High-resolution separation of graphene oxide by capillary electrophoresis.
ABSTRACT Separation and purification of graphene oxide (GO) prepared from chemical oxidation of flake graphite and ultrasonication by capillary electrophoresis (CE) was demonstrated. CE showed the ability to provide high-resolution separations of GO fractionations with baseline separation. The GO fractionations after CE were collected for Raman spectroscopy, atomic force microscopy, and transmission electron microscopy characterizations. GO nanoparticles (unexfoliated GO) or stacked GO sheets migrated toward the anode, while the thin-layer GO sheets migrated toward the cathode. Therefore, CE has to be performed twice with a reversed electric field to achieve a full separation of GO. This separation method was suggested to be based on the surface charge of the GO sheets, and a separation model was proposed. This study might be valuable for fabrication of GO or graphene micro- or nanodevices with controlled thickness.
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ABSTRACT: A new method for the characterisation of purified detonation nanodiamond (DND) using capillary zone electrophoresis has been developed. The influence of BGE conditions on electrophoretic mobility, peak shape and particle aggregation was investigated, with resultant observations supported by zeta potential approximations and particle size measurements. Sodium tetraborate (pH 9.3), tris(hydroxymethyl)amminomethane (pH 9.3) and sodium phosphate (pH 7) were used in studying the BGE concentration effect on a commercial source of chemically stabilised DND. The BGE concentration had a strong effect on the stability of DND in suspension. The formation of aggregates of various sizes was observed as BGE concentration increased. The effect of pH on the electromigration of DND was examined using sodium phosphate (pH 8 and 10). The CZE method was subsequently applied to four different DND samples, which had undergone different routes of purification following detonation synthesis. Each sample produced a unique electrophoretic peak or profile in sodium tetraborate buffer (pH 9.3), such that the actual separation of DND samples from different sources could be achieved. This article is protected by copyright. All rights reserved.Electrophoresis 03/2014; · 3.26 Impact Factor
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ABSTRACT: A system for interfacing dark field microscopy (DFM) with capillary electrophoresis (CE) was demonstrated and applied to investigate the movement of single gold nanoparticles (AuNPs) visually and in real time for the first time. When using ∼60 nm cetyl trimethyl ammonium bromide (CTAB) and sodium dodecyl sulfate (SDS) capped AuNPs as target analytes, preliminary data indicated that differently charged AuNPs had different movement velocities (v). From the result of the effect of applied voltage and buffer pH value on the movement of single AuNPs, we could "image" that positively charged CTAB-capped AuNPs (red) moved faster than negatively charged SDS-capped AuNPs (green), and the former could catch up with and pass the latter. The results visually confirmed the separation rules and some fundamental theories of CE including the effect of buffer pH value on the electroosmotic flow (EOF) and the plug-like profile of EOF. This novel integration was successfully utilized to evaluate the size distribution and homogeneity of AuNPs, from which the results obtained were in accordance with transmission electron microscopy (TEM) results. The proposed system offers a new insight into CE analysis and has potential applications in many fields, such as the study of interaction between NPs and biomolecules in bioanalysis.The Analyst 05/2013; · 4.23 Impact Factor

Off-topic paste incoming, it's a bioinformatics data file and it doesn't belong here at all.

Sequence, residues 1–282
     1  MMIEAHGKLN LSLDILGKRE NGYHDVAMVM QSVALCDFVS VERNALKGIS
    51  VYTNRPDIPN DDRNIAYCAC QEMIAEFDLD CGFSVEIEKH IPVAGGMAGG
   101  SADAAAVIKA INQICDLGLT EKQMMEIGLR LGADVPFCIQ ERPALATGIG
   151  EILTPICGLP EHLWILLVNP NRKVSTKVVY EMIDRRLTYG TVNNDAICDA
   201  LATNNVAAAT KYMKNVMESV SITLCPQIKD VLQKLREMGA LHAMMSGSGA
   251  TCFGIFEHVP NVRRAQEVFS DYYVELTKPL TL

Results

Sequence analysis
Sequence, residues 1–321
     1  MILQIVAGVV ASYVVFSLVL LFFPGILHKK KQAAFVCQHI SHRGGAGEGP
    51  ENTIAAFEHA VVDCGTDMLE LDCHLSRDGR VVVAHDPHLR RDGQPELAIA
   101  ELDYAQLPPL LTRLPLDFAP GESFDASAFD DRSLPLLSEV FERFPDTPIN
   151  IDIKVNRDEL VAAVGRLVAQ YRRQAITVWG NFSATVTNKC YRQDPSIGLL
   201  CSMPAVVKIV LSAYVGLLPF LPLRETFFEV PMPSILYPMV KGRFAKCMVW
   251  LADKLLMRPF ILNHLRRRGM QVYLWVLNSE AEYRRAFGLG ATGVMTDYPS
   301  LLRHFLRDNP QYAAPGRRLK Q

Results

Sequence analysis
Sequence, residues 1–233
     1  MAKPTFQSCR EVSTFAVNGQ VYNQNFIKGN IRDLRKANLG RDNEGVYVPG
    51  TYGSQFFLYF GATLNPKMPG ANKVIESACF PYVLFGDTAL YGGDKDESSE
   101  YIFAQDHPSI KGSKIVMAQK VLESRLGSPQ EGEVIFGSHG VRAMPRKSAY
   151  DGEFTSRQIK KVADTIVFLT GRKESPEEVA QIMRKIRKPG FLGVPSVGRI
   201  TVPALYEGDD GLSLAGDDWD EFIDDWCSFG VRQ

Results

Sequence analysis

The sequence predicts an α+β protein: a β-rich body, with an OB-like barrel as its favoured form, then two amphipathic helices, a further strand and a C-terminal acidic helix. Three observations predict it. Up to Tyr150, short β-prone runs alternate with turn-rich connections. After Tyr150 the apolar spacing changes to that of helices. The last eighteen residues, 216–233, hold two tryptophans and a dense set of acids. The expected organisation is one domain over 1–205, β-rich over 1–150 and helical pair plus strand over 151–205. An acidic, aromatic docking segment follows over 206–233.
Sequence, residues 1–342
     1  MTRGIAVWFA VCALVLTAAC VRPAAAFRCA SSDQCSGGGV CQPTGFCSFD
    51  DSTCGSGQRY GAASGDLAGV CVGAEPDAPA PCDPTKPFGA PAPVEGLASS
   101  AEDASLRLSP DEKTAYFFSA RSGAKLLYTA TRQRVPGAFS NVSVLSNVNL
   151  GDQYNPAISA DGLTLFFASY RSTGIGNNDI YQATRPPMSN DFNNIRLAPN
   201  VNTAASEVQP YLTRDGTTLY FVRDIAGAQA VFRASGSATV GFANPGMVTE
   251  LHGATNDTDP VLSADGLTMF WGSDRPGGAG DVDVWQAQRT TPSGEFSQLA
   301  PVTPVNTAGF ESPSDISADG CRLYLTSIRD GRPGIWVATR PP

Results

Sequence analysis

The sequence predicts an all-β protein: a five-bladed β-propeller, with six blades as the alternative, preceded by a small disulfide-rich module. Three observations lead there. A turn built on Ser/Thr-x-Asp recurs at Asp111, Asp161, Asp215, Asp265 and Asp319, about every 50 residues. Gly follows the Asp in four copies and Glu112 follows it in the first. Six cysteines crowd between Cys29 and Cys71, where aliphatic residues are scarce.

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ABSTRACT: Graphene, a truly two-dimensional (2D) and fully π-conjugated honeycomb network, is exhibiting many unique physical and chemical properties that are interesting in a wide range of areas. Since its discovery in 2004, graphene has been extensively studies in many different fields including nano-electronics, composite materials, energy research, catalysis and so on. Based on the fascinating action of members in the carbon family, notably zero dimensional (0D) fullerenes and one dimensional (1D) carbon nanotubes (CNTs) in biomedical areas, increasing numbers of reports have explored the potential of graphene for different biomedical and biotechnical applications since 2008. This manuscript aims to provide a summary of current research progress of graphene-based carbon materials in biosensing, drug (gene) delivery and tissue engineering, and discusses the opportunities and challenges in this rapidly growing field.Current Medicinal Chemistry 11/2013; · 3.72 Impact Factor